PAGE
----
Michigan unions face an annual potential payout of over $10 million to workers exercising their Beck rights.
Union leaders may view the exercise of Beck rights as their worst nightmare.
This need not be the case. Unions currently have a workplace monopoly which enables them
to collect dues through compulsory union security agreements. A voluntary membership and
dues system would avoid Beck problems completely and return unions to the true
service organizations they were originally envisioned to be.
The current union approach of suppressing information and confusing members regarding Beck
rights risks alienating rank-and-file members and ruining union credibility. In the short
run, there is little doubt that unions will experience a loss of revenue, a potential loss
of members, and significant expenses in bookkeeping procedures and litigation expenses
necessary to resolve Beck complaints.
The 1994 Current Population Survey (CPS) 53
determined that there are 960,600 active union members employed in the state of Michigan.
According to the Luntz survey findings that only 22% of union members know of their Beck
rights, it can be presumed that around 493,000 Michigan private sector union members do
not know of their reduced dues rights under the Beck decision, and some 257,000
Michigan public sector employees are likewise unaware of their Constitutional rights under
similar U.S. Supreme Court cases. Assuming the Luntz Research findings are accurate, a
tremendous 750,000 Michigan union members or agency fee payers are not aware of their Beck
rights, and approximately 384,000 Michigan union members would be very likely to exercise
those rights if they were made aware of them. 54 The unions face the
possibility that they may lose these many members which would reduce their income and
Union leaders seem frightened by the potential loss of their coercive power to extract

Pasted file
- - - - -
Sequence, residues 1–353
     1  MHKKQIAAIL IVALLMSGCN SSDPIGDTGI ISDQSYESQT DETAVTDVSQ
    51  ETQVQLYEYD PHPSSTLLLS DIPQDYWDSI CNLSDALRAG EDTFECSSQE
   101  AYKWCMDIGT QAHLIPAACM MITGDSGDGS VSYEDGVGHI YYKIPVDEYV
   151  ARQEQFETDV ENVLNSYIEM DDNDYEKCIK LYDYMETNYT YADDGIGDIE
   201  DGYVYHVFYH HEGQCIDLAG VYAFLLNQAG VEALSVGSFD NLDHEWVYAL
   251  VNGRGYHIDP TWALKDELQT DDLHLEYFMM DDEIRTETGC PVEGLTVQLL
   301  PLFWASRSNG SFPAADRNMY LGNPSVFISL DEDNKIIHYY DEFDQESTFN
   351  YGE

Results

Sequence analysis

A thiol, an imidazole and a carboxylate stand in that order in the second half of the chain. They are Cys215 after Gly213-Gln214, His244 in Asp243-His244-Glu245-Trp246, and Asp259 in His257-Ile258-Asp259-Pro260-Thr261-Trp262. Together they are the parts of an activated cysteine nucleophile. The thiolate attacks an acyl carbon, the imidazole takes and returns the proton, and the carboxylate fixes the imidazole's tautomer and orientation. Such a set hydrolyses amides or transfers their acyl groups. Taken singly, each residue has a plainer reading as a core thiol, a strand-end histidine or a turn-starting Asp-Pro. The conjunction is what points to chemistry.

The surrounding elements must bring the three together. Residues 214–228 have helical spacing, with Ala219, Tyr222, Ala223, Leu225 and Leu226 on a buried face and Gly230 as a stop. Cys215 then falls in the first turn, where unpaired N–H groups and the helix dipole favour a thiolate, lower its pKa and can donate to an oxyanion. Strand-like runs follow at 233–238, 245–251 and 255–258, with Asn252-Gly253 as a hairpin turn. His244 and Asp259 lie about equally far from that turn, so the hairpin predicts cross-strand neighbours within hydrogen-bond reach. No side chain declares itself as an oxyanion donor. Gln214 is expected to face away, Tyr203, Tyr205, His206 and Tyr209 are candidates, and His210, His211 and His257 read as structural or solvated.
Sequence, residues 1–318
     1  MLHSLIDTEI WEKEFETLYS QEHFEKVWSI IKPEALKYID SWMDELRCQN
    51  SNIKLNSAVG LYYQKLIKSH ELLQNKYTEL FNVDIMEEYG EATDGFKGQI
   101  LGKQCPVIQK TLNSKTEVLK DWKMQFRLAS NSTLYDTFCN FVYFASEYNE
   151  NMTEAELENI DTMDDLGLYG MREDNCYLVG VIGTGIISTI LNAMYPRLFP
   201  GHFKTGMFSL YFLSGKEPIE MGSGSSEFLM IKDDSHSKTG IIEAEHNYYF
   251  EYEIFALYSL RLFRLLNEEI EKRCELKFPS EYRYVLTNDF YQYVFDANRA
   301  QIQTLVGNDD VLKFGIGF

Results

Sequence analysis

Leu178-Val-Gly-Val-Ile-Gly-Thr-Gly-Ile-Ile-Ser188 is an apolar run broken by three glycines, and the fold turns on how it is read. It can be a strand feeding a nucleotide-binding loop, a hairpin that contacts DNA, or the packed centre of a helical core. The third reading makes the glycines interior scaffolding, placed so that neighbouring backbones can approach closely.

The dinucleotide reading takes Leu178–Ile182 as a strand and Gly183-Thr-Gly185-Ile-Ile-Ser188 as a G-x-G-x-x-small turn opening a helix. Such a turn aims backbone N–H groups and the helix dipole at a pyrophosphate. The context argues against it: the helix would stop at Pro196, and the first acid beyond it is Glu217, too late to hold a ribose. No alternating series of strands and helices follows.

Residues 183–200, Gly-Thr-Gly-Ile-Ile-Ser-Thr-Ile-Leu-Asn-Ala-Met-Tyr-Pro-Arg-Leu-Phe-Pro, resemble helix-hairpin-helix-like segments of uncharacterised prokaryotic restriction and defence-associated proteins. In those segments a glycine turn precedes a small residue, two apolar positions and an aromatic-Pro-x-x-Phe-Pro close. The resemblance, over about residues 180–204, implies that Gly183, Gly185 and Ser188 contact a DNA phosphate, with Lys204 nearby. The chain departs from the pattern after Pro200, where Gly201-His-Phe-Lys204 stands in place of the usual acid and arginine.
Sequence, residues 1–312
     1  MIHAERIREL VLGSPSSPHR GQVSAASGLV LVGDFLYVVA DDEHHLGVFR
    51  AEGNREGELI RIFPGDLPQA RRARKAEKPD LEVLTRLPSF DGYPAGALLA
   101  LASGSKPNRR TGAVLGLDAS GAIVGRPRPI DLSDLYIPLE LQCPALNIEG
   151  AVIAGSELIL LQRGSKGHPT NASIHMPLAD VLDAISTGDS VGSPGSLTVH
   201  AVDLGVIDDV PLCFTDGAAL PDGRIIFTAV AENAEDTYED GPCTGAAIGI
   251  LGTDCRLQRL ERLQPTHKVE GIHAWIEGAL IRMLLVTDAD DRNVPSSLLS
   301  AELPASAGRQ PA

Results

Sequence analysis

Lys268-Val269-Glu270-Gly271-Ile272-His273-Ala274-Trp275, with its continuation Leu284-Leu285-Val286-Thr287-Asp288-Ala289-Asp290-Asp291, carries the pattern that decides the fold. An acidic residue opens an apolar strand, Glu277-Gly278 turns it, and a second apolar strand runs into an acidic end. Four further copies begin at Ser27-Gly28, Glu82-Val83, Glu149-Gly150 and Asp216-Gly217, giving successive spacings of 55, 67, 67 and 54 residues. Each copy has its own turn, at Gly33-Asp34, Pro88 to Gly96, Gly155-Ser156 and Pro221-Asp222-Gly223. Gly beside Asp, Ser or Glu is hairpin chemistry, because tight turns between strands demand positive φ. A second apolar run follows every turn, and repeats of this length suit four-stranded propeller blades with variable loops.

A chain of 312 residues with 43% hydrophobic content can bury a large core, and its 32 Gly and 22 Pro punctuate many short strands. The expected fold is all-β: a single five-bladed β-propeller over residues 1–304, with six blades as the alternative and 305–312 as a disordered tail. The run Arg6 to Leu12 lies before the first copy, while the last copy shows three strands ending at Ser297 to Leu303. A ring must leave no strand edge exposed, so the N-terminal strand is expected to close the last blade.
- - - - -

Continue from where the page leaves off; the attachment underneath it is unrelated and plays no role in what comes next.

mandatory dues money for partisan or political purposes. Union officials have downplayed
the impact of Beck and have predicted that the number of nonmember employees
stepping forward to object will be negligible. Union attorneys optimistically predict that
80% to 90% of collected dues can be shown to be used for collective bargaining purposes. 55
The potential Beck cost to unions is difficult to predict because of the
uncertainty of the variables involved. Assuming only one-third the number of union members
predicted by Luntz would pursue a refund, and using a union claim that only 20% of union
dues may be refundable, Michigan unions face an annual potential payout of over $10
million to workers exercising their Beck rights. 56 The actual
payout could be much higher.
If union leaders were truly confident that they spend most dues-generated revenue in
accordance with Beck, there would be no reason to suppress information regarding
these rights. It is disingenuous for unions to argue on the one hand that Beck
rights are meaningless while fighting Beck objectors every step of the way. It is
evident that more widespread knowledge of Beck rights will result in more workers
seeking refunds and future reduced dues, and that is probably the heart of the
Pursuing a "hear no evil, see no evil" strategy will hurt the union movement
in the long run. The secret cannot be bottled up forever. Beck is the law of the
land, and it is here to stay. To the extent that unions avoid or delay compliance with Beck,
they stand to alienate their rank-and-file who will eventually learn of the unions
efforts to keep employees in the dark. As employees become more informed of Beck
rights, unions risk losing credibility for the current strategy of silence, suppression,
Unions have control over this situation. A better course of action for the unions would
be to recognize Becks implications and adopt a policy that no union dues will
be used for political activities without the express written consent of members and
nonmembers alike. Unions should provide an annual detailed financial accounting to each
member, outlining the preceding years expenditures. Those unions that refuse to
adopt these policies risk future actions from the legislature, the NLRB, and the courts,
all of which could set and regulate internal union policies.